“A nice band played, and the people assembled enjoyed it. All the learned brahmanas were invited, and they chanted Vedic hymns for the good fortune of Krishna. During the chanting of the Vedic hymns and playing of the bands, Krishna was bathed by mother Yashoda. This bathing ceremony is technically called abhisheka, and even today this is observed in all the temples of Vrindavana as Janmashtami Day, or the birthday anniversary of Lord Krishna.” (Krishna, The Supreme Personality of Godhead, Vol 1, Ch 7)
We hear so much from the acharya about the need to practice devotional service. We must implement the principles of bhakti-yoga in our daily lives. Follow through on the definition of bhagavata-dharma; make that a way of living instead of an extracurricular activity. Have the devotion become part of you, rather than remain a side discipline with an independent existence.
We might be confused as to exactly what that lifestyle looks like. I know pizza from its taste, but I can be sure from the visual. The picture reveals the identity, and with the devotional culture what exactly are the characteristics to look for?
We know that pretenders infiltrate organizations and institutions. In the popular style of government today, the worst of the worst rise to the top. The better you are at lying, the more likely you are to get elected. It seems that the more corrupt you are, the more authority you are given. You tell everyone else to live a certain way, all the while exempting yourself from the rules.
The occasion of Janmashtami helps to give an idea on the practical aspects of devotional service. It is an annual celebration, commemorating the appearance of Shri Krishna in this world. He is the Supreme Personality of Godhead, Bhagavan. He possesses six opulences simultaneously and to the fullest extent: beauty, wealth, strength, fame, wisdom and renunciation.
यदा यदा हि धर्मस्य
ग्लानिर् भवति भारत
तदात्मानं सृजाम्य् अहम्
yadā yadā hi dharmasya
glānir bhavati bhārata
tadātmānaṁ sṛjāmy aham
With Krishna’s pastimes on earth there is even a birthday celebration. The people of Vrindavana mark the occasion of Janmasthami while Krishna is in their presence. The priestly class gets invited to the home. Bands play devotional music. Everyone dresses themselves nicely.
Mother Yashoda has the preferred seat. She is close by. She gets to bathe her child personally, but this does not disqualify any of the other participants from the devotional connection. That is to say, everyone is worshiping in their own way, and they are thus connected in yoga.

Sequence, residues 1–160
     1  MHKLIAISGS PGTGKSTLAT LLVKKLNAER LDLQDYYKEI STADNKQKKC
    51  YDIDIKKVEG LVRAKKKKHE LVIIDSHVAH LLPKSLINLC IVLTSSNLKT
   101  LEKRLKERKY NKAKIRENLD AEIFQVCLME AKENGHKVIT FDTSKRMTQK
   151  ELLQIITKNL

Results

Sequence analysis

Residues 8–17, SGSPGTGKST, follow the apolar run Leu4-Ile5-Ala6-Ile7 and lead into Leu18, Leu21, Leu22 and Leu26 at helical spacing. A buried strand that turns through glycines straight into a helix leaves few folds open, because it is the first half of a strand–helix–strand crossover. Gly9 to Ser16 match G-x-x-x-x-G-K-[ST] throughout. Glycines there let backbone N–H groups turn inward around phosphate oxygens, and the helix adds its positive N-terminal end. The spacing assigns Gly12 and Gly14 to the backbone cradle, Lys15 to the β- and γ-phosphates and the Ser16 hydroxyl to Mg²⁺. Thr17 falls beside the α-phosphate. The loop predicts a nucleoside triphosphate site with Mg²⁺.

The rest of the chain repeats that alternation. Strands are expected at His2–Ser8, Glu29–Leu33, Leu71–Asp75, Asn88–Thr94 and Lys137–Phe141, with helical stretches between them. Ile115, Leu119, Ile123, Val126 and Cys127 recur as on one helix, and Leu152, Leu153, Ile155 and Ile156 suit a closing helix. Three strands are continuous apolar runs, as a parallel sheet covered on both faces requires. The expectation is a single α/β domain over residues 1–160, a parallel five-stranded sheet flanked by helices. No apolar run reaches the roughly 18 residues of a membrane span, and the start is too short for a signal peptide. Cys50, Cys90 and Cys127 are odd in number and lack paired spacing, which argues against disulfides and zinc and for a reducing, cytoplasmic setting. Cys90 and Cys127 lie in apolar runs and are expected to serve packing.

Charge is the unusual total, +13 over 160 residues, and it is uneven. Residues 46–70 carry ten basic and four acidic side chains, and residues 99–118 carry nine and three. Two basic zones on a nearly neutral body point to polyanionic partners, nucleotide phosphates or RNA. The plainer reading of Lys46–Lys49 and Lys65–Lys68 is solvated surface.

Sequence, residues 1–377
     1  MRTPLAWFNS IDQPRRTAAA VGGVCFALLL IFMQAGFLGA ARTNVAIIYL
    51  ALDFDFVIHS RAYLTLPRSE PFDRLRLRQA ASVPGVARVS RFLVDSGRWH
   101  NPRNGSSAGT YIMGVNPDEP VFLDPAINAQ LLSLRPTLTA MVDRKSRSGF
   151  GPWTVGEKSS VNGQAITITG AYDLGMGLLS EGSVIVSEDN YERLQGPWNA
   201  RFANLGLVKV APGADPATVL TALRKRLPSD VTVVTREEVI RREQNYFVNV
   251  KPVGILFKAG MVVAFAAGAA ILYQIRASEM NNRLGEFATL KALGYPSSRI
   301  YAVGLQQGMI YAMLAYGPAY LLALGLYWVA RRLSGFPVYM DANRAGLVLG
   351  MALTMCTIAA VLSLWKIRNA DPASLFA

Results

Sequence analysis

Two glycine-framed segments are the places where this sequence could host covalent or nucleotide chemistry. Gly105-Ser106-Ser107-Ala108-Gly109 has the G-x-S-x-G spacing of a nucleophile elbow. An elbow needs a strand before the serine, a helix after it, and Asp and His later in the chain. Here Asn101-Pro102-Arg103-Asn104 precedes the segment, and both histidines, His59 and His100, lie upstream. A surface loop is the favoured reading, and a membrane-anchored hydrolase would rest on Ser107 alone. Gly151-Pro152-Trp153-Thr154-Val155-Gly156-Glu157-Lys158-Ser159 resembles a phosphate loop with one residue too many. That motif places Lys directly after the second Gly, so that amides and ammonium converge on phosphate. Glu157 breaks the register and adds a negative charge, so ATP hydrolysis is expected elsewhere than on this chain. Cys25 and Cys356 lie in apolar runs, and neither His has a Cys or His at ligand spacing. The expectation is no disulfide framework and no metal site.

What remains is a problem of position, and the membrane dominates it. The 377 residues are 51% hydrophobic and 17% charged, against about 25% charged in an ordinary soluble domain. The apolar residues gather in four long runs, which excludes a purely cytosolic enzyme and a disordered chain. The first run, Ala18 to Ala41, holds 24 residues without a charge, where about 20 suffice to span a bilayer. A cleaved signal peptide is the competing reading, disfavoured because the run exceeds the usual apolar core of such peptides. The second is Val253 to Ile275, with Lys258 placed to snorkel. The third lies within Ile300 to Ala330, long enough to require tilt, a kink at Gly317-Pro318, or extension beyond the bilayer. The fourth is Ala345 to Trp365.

The same variety applies to the devotional culture outside of the situation of direct, physical contact. A person in the maya consciousness may be preparing food to consume for the nighttime, in the hopes of satisfying their senses. Another person is following the exact same sequence of actions, but their intent is different. They are preparing food for the satisfaction of Krishna. Their sacrifice in time is equivalent with yajna. There is no difference between their work and the recitation of mantras in a formal worship ceremony by an expert priest.
Even if I lack mobility, having no chance to work physically in favor of supporting the Almighty and those devoted to Him, there is always the opportunity to at least hear. This is also devotional service. It is the first in the list mentioned by Prahlada Maharaja, in his enumeration of activities described to those who are not familiar.
Shravanam; just hear about God. Dedicate some time each day. It is not a difficult process, but the benefits are tremendous. On special occasions like Janmashtami take extra time to remember Krishna, the person we are all meant to adore. He is neither a sectarian God nor a concoction of the mind. He is the Supreme Lord in full, with the detail to the abstract, with the curtain removed, so to speak.
If there happens to be an intense longing to bathe Krishna in the same way that mother Yashoda did, the Supreme Lord is kind enough to appear in the deity form. The same abhisheka ceremony can take place at home, while no one is watching. God’s eyes are everywhere, so He will always notice. He never forgets even a single deed done in His favor.
Even a single deed to take,
Never the memory to forsake.
Since everywhere His eyes,
Blessed the one who tries.
In devotional life taught,
By guru who Divinity brought.
To this world shining the light,
Like on Janmashtami’s night.